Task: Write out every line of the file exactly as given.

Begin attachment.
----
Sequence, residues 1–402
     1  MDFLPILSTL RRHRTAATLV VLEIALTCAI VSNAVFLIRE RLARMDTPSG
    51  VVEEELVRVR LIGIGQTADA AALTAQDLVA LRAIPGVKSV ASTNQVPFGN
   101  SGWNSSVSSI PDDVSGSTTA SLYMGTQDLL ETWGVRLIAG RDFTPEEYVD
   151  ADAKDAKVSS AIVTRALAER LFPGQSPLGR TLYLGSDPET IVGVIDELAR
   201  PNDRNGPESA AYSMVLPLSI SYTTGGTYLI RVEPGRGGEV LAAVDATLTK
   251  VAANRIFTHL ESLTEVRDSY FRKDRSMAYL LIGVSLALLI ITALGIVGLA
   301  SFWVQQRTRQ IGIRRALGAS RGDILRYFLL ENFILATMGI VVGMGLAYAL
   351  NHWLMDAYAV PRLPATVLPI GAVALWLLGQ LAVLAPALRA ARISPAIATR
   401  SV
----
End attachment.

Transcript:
Sequence, residues 1–402
     1  MDFLPILSTL RRHRTAATLV VLEIALTCAI VSNAVFLIRE RLARMDTPSG
    51  VVEEELVRVR LIGIGQTADA AALTAQDLVA LRAIPGVKSV ASTNQVPFGN
   101  SGWNSSVSSI PDDVSGSTTA SLYMGTQDLL ETWGVRLIAG RDFTPEEYVD
   151  ADAKDAKVSS AIVTRALAER LFPGQSPLGR TLYLGSDPET IVGVIDELAR
   201  PNDRNGPESA AYSMVLPLSI SYTTGGTYLI RVEPGRGGEV LAAVDATLTK
   251  VAANRIFTHL ESLTEVRDSY FRKDRSMAYL LIGVSLALLI ITALGIVGLA
   301  SFWVQQRTRQ IGIRRALGAS RGDILRYFLL ENFILATMGI VVGMGLAYAL
   351  NHWLMDAYAV PRLPATVLPI GAVALWLLGQ LAVLAPALRA ARISPAIATR
   401  SV